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The right fit

Tacoma Weekly Article
A number of pieces have come together for a very successful basketball program at TCC
By Rick Walter
Tacoma Weekly

Ask them, they’ll tell you.

Carl Howell is a coach who just knows how to win – and that is why they say they come to Tacoma Community College (TCC) to play for him. He is a coach who makes sure his players are getting to class and study periods and hitting the books – and that is why they say they come to play for him. He is, they say, a coach who develops not basketball players, but men who know how to play basketball.

"He is kind of like a father figure because he is there, you know, looking out for you – not just because of basketball, but with your life," says Royal Tee Lexing, a sophomore who led Lincoln to a fourth-place finish in the 4A state tournament in 2008.

Because Howell does this coaching at a community college, he does not have a great deal of money at his disposal to invest in state-of-the-art training rooms, fine-dining facilities and other trappings of a well-nourished basketball program – or even a gym floor with more than the two required baskets.

But then, coach Howell is not recruiting players coming out of high school advertised as Final Four in a Bottle – the bluest of the blue chip basketball players in the Northwest or America.

He is recruiting, however, a very special kind of young man.

"The kids that come here are some of the best basketball players around," says assistant coach R Jay Barsch. "They are tough. They are survivors."

At Tacoma Community College, the mission is development. And in the athletic department, where coach Howell is the director, the emphasis of that development is on good old-fashioned elbow grease.

"When we go out looking for players, we are looking for kids who are hard workers. They’ve earned what they've got. Guys who take pride in that."

Howell's assistant coach, 26-year-old Barsch, has played and coached in the Tacoma area his whole life.

"Many of our guys come from the inner-city, come out of very tough environments. For one reason or another, they aren’t able to go directly to a four-year school. Some of them have kids or take care of their parents or other family members that live with them. We like tough kids. We like survivors."

Howell’s record of accomplishment would be impressive enough (his record of 265-90 includes 26 wins per season in his past five years) but consider that in coaching a two-year program, compared with a four-year program, he encounters a "rebuilding" year, every year.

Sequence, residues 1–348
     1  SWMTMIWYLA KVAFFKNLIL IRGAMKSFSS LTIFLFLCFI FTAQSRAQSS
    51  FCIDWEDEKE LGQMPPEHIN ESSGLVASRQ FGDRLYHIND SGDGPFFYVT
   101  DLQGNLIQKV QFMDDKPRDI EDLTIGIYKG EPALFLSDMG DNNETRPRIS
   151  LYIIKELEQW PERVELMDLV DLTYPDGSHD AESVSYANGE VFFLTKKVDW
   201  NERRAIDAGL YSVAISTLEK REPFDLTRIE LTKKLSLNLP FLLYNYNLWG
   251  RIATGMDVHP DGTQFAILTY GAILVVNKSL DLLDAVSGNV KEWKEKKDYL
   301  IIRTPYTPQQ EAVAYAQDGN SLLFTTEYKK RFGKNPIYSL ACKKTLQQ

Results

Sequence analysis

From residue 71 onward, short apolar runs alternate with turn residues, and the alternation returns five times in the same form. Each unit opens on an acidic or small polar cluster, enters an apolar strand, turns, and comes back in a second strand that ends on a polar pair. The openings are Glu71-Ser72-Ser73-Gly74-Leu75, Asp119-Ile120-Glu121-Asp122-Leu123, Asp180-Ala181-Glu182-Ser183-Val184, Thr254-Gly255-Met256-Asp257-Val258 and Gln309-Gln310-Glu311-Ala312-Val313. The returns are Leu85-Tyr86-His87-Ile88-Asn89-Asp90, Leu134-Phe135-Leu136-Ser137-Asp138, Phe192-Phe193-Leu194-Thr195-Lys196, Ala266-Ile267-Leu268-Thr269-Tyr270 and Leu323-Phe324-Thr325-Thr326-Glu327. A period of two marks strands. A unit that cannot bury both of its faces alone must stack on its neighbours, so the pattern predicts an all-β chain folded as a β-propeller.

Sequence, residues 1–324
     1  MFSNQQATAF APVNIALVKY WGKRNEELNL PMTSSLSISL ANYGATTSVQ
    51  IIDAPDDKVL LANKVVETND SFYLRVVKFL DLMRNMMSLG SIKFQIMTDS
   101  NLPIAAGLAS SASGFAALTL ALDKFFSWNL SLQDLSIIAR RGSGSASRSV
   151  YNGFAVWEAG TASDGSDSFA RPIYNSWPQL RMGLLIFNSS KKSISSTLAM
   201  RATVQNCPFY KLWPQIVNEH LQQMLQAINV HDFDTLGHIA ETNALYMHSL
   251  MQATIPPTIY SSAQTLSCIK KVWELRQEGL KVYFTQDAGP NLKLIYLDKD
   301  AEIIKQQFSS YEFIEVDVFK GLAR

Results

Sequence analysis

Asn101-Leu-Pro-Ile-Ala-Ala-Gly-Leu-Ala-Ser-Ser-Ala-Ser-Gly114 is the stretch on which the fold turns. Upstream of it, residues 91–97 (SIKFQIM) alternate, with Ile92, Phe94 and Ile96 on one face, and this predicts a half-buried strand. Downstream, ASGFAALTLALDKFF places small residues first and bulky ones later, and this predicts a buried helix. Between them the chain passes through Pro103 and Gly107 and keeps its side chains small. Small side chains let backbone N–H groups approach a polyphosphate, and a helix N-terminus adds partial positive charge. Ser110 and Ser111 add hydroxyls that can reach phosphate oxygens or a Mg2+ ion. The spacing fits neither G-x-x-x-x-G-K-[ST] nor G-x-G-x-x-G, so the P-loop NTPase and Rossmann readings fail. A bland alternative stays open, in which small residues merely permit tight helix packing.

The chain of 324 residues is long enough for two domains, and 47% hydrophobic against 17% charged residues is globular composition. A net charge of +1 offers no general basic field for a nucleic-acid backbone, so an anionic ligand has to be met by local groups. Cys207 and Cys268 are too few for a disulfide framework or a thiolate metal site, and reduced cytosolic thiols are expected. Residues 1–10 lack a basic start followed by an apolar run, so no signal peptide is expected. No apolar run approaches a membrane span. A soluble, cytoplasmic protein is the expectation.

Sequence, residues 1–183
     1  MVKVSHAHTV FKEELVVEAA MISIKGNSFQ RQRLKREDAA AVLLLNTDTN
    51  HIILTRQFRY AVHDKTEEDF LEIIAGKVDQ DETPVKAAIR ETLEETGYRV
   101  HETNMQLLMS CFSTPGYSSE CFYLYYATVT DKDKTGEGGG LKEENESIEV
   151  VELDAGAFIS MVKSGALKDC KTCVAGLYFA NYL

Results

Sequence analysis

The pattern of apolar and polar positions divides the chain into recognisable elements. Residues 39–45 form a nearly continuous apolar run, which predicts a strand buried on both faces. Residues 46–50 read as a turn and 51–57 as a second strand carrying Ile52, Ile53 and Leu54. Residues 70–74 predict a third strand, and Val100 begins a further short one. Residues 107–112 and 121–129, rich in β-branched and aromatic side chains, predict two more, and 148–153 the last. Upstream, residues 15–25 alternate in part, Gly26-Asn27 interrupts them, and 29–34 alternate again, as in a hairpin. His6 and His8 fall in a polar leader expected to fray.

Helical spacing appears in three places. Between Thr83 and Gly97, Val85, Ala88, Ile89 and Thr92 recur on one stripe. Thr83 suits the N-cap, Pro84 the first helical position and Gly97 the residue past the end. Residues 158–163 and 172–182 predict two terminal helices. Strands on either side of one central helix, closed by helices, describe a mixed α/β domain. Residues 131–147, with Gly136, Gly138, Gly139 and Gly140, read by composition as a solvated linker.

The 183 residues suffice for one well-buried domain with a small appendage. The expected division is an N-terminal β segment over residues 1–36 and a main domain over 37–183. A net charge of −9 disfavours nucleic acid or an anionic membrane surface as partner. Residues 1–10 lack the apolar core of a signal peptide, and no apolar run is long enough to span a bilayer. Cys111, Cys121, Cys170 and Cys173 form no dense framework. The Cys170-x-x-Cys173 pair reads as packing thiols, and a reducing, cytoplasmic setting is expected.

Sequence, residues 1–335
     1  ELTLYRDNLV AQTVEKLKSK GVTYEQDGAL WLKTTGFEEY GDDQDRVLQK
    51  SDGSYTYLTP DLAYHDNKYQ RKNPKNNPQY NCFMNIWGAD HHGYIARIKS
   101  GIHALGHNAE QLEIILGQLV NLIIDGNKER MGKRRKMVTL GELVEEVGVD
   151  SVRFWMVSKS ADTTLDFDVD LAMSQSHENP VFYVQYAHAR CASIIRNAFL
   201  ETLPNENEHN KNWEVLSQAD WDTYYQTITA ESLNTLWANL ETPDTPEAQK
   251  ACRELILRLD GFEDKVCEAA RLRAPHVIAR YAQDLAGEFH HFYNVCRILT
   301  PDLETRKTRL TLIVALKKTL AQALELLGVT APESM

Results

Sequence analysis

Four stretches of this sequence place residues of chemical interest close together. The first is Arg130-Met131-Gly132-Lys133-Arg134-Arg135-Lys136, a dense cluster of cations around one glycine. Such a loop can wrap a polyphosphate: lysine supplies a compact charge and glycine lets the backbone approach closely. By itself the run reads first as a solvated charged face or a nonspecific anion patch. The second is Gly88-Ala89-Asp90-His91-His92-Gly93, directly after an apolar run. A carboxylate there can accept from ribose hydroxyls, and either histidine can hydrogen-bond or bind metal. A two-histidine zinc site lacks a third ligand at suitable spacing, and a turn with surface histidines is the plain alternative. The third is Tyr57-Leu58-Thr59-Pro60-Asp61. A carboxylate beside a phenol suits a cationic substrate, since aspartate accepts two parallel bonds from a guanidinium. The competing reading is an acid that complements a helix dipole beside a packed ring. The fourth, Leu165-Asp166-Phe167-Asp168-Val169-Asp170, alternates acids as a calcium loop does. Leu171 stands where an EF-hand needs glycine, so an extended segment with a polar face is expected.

Yet he has built a program with a formidable reputation.

So far this season, 15 NCAA Division I coaches have visited TCC practices or games. Howell has seen 17 of his players go on with scholarships to DI schools, more than any other NWAACC coach has.

"Why I came here is easy," says Darious Walker, a sophomore who was a three-time all-conference performer while leading Decatur to three state tournament appearances.

"You trust this coach because of all his wins, but you trust him as a man. I want to do well for my mom. And I am doing well here." Walker said.

Many of Howell's players are dedicated to their families – a fact illustrated by, well, their tattoos.

Lexing is asked about one he has for his son, Royal Tee, Jr. Lexing displays a tricep with a few names in beautiful script.

"These are all for people in my family."

Anthony Enriquez, known mostly for his shoe collection (more than 100, which he says he changes more than he changes his socks) has almost as many tats.

"All family," he says, lifting his shirt to reveal enough small text on a large tat to fill a small memorial monument.

Enriquez was a star at Lakes. His teammate Derrick Davis had an impressive high-school career at Clover Park. Chris Holmes, a freshman guard, was a first-team all stater and won two state titles with Franklin High School. Chad Rasmussen, who went to the state tournament with Curtis last year, has already signed a letter of intent to play at Seattle University. The list goes on.

Yeah. Those are just some of the guys that have decided to buy into the system to become a legit contender for the NWAACC title.

Then there are freshmen like Gerald Hill and Jordan Coby. They have all sacrificed their egos and play together, rely on defense and teamwork. "Most of these guys averaged more in high school than they do here. And they don’t mind," Barsch says.

And the sacrifices know no bounds.

Enriquez has promised that if the team wins the conference, he will finally break out his boxed and pristine lime-green Lebrons.

On a team on which any one of 10 guys could be the leading scorer on any given night, the Titans do not even have a regular starting rotation.

"It is a luxury," Howell says. "But it is a luxury that comes from having a group who place hard work above scoring and individual accomplishment. And really, they value doing things the right way. They see we've had success with the way we do things. And at the end of the day, understanding how to be successful is what we are doing here.


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